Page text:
In contrast to health costs, which are primarily private, criminal behavior has largely social (public) costs. In addition to law enforcement and health care costs, other social problems influenced by drug abuse include drugged driving, violence, stress, child abuse/neglect, homelessness, and workplace productivity, etc.  According to the Office of National Drug Control Policy (ONDCP), the public cost to society of drug-related crime is nearly twice the private cost of drug-related health problems.

Signs and symptoms of meth abuse

MethamphetamineMethamphetamine is believed to be the second most abused drug, after marijuana. Though not the number one drug that is abused in most countries, it is one of the most addictive and one of the most destructive. It’s important that parents and other family members are able to tell when someone they care about is abusing methamphetamine.

Meth is most often a white to light brown crystalline powder. It may also be found in clear chunky crystals that resemble broken pieces of ice or shards of glass. Methamphetamine can be found in liquid form as well.

You may find small bags of white powder or crystals or syringes. Other items that could be left behind after meth abuse are small pieces of crumpled aluminum foil, soda cans with a hole in the side, small drinking straws or the shafts of inexpensive ball-point pens that might be used to snort the drug.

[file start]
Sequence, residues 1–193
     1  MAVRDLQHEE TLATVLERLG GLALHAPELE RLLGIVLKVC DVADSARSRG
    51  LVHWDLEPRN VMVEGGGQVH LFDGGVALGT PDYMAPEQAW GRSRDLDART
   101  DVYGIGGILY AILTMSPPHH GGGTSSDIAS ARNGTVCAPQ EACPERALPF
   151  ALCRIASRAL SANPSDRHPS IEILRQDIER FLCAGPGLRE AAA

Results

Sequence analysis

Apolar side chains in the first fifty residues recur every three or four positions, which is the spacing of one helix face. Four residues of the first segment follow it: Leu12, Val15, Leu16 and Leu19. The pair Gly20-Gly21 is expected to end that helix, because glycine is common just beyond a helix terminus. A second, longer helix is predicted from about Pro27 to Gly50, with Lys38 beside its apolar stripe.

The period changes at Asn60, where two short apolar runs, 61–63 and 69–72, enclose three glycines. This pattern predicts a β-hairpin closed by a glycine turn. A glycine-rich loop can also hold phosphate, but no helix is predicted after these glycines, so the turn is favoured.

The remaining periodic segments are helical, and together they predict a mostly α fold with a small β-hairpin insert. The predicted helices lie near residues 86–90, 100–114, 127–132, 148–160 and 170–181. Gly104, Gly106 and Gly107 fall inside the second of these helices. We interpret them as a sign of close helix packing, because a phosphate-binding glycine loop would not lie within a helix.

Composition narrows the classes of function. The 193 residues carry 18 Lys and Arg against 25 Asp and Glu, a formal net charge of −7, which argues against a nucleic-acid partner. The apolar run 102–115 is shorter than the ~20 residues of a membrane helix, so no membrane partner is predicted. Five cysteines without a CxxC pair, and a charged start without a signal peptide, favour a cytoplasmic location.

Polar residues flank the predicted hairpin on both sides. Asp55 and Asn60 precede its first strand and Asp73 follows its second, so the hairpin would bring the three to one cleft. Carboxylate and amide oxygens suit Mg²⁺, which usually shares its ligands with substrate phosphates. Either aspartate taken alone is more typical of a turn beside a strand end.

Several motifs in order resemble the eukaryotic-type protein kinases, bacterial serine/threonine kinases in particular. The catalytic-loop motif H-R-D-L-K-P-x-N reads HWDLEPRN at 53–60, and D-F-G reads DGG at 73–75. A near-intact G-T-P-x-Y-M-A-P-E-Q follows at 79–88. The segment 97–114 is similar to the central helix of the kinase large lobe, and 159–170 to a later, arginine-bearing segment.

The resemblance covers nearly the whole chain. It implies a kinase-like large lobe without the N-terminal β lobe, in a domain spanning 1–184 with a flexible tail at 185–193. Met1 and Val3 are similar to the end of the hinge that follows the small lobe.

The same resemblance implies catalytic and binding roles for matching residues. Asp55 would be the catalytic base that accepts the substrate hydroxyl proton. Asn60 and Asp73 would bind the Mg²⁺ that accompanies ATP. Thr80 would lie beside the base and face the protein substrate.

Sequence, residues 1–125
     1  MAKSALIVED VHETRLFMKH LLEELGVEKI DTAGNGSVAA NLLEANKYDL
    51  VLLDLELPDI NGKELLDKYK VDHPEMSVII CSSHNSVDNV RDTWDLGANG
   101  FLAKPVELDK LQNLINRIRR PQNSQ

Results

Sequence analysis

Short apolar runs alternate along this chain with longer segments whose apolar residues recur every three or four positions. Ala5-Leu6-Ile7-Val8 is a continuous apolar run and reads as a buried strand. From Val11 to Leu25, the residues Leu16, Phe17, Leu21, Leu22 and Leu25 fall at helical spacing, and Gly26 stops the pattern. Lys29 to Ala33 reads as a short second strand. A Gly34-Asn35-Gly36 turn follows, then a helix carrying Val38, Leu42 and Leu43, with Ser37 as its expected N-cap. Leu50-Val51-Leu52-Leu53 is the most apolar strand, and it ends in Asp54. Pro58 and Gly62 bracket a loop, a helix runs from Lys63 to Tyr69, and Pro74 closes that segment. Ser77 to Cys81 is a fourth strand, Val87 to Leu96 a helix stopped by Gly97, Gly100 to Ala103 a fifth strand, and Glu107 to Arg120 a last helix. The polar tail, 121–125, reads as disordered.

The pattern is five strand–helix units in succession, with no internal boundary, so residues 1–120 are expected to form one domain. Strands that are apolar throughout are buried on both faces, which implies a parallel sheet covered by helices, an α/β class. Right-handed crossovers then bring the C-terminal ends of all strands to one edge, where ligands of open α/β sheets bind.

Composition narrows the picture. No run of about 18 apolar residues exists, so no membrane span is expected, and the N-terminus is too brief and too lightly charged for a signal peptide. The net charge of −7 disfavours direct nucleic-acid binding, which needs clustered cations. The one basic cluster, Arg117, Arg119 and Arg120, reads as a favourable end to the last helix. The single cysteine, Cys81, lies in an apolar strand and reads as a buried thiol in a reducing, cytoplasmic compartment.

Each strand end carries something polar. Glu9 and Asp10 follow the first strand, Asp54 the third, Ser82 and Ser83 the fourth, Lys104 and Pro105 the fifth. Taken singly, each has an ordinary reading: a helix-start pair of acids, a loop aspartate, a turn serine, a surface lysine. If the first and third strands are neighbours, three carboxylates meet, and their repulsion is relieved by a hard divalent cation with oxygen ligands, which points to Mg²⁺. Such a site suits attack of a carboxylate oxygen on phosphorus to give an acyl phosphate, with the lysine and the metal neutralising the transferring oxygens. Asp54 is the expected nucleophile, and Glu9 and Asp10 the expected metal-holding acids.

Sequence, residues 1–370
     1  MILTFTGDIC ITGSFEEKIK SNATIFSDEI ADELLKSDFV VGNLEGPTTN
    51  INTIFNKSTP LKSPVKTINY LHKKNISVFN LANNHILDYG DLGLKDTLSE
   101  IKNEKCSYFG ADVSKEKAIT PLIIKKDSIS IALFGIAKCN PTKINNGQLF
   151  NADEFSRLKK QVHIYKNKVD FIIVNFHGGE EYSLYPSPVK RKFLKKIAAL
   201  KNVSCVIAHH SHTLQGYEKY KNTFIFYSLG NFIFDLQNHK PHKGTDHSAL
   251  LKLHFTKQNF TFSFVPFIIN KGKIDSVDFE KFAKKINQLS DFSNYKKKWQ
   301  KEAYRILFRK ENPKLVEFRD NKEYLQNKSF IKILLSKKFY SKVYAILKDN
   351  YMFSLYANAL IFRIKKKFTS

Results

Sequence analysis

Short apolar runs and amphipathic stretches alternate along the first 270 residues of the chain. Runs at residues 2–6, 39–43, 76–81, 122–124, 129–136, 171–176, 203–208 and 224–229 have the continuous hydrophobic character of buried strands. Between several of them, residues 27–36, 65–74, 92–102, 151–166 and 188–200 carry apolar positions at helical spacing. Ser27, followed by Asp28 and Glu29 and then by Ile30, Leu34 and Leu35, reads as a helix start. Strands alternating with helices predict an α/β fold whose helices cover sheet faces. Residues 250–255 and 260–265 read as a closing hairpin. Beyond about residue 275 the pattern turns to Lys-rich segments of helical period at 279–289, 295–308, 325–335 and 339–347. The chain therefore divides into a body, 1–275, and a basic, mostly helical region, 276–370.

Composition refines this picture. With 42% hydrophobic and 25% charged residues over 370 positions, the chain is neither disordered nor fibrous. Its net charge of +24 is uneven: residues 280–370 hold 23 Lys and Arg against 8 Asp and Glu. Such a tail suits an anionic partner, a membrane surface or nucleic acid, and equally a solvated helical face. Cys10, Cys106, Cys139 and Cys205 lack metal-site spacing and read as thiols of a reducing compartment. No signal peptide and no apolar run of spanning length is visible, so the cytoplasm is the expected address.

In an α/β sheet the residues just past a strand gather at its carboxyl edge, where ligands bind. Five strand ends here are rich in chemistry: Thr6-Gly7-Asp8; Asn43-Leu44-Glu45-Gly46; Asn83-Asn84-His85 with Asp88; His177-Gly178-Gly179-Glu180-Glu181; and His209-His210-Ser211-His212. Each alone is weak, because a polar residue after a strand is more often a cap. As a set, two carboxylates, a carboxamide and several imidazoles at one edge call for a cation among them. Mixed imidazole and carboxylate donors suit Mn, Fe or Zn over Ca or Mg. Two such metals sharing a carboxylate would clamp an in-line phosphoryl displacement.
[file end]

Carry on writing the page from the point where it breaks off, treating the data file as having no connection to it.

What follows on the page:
Users may exhibit agitation, paranoia, delusions and unsubstantiated fears. Users like to “tinker” with things, constructing and deconstructing objects, taking things apart for “repairs” or “improvements” that are never completed, etc.  Abusers may experience “Meth bugs” or the sensation of bugs crawling underneath the skin.

Eating disorders are common for crystal meth users, due to malnutrition, body dysmorphia and appetite loss common to methamphetamine use.

Personal hygiene habits may begin to deteriorate. Over the long-haul, users may develop noticeable oral and/or dental problems, commonly known as “meth mouth”.

You are probably an addict if you:

  • Think about using the drug all of the time
  • Feel a deep longing to take the drug
  • Find it hard to stop using the drug, even for a day
  • Want to stop using, but feel unable to do so

If you or someone you care about needs more information or help, you can find it locally here:

http://www.msncadd.net/ or call 662.841.0403